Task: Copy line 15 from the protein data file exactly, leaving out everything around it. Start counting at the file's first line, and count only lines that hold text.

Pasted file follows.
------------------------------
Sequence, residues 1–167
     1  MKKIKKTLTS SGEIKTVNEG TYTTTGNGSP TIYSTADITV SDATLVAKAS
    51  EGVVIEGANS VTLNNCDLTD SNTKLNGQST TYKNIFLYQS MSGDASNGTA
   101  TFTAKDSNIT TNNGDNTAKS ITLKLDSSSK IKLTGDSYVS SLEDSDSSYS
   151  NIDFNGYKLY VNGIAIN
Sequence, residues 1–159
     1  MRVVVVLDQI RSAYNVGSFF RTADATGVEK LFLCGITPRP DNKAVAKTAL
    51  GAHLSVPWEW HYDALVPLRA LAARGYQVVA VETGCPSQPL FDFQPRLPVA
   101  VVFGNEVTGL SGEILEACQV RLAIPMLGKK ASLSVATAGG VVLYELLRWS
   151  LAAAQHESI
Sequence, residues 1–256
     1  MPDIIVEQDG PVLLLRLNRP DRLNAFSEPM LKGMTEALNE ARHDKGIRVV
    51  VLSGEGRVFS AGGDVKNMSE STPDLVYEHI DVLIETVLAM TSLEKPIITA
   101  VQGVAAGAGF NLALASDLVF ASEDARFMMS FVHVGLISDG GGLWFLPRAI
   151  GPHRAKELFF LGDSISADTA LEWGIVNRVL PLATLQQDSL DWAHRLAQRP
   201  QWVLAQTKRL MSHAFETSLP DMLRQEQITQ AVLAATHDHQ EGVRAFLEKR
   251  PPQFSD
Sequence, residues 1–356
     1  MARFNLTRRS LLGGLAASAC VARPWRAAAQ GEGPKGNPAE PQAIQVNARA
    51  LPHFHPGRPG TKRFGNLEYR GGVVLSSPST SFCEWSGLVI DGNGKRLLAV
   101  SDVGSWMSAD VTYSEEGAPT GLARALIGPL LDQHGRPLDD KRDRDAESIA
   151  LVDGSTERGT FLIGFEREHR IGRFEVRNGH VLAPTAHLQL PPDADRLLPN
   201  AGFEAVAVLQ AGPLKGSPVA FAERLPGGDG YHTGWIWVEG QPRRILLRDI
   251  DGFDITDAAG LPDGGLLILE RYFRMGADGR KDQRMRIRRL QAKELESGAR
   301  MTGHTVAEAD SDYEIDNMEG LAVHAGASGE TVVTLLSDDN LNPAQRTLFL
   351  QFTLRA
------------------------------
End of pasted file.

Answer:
   151  GPHRAKELFF LGDSISADTA LEWGIVNRVL PLATLQQDSL DWAHRLAQRP